The stock chart above shows the dangers of buying an IPO — especially of a company that is not profitable and has no barriers to entry (meaning there’s nothing to make it difficult for competitors to set up shop and compete, as no intellectual property (IP) is required, nor are start-up costs prohibitive).

Some may argue that Starbucks’ situation was the same. However, there are key differences. Firstly, coffee has been proven to have staying-power, while cupcakes could be just a short (and sweet) fad. Secondly, the market for coffee must be considerable larger than the market for cupcakes. If you’re a coffee drinker, as I and about half your fellow Americans are, you know there is no substitute for coffee — only coffee will cut it! However, if you’re craving a sweet — there are no shortages of sugary-foods available.

Granted, cupcakes are currently hot, especially as more upscale party treats. But, in general, the upscale market — which is more health-conscious — is not going to be gobbling cupcakes down on a regular basis. Besides, who wants a cupcake when they could have chocolate, and get a dose of feel-good endorphins? Not me — and I’d venture to say that I’m in good company.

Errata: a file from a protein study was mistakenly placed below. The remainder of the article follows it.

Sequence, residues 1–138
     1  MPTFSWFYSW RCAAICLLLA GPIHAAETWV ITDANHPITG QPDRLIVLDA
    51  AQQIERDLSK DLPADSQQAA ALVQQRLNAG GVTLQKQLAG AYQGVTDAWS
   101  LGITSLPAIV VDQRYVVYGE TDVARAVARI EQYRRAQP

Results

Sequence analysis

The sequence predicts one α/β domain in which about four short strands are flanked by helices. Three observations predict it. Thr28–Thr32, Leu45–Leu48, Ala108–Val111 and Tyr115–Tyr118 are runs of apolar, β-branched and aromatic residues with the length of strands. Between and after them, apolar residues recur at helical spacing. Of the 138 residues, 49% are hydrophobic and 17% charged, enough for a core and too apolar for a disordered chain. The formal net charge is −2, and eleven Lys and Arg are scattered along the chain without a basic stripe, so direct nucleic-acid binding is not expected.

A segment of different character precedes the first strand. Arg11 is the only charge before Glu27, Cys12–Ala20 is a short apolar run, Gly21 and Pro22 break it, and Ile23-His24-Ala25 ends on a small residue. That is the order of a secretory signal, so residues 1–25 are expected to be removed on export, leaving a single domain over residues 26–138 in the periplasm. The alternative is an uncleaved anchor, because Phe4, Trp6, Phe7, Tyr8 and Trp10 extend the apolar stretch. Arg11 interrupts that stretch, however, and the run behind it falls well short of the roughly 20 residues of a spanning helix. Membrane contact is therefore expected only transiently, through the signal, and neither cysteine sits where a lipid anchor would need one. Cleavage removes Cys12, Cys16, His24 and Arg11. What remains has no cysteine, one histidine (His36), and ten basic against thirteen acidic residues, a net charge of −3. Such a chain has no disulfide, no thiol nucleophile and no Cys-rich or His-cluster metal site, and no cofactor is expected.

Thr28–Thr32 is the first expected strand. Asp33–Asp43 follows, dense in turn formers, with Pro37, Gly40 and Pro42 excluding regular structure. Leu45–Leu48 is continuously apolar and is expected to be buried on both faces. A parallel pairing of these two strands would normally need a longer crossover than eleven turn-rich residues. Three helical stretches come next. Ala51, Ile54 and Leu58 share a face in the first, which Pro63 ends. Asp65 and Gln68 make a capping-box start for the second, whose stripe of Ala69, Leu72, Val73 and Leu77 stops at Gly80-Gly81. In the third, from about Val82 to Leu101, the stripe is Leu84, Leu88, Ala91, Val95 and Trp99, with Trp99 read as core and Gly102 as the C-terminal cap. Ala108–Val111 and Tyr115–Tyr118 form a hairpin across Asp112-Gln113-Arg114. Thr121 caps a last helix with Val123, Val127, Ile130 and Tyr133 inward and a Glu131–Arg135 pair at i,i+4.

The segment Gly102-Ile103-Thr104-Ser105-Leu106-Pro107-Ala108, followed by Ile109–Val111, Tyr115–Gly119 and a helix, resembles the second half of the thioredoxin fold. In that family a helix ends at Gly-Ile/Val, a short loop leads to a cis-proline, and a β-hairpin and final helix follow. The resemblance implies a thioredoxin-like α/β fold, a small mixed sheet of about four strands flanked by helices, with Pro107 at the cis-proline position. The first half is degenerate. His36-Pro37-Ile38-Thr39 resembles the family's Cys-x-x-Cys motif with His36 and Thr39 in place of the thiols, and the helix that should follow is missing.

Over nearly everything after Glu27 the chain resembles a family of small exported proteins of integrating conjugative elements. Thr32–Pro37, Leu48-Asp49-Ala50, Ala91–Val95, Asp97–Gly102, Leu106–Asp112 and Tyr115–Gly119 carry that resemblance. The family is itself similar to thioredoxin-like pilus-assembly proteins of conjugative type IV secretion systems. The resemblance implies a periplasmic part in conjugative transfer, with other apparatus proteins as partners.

I could eat these words, as the company and its stock could do well going forward. That said, there are just too many currently good stocks out there to waste money on one which hasn’t yet proven it can deliver the goods.

Next up: District 10 – Livestock.

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About the Author

Beth McKenna

Beth McKenna is a writer specializing in investing and related topics, though she also occasionally delves into other topics of interest, such as clean energy and health and wellness. She has a BA (Lafayette College) and MBA (Rutgers University), and has previously worked in the risk management field in the financial services industry.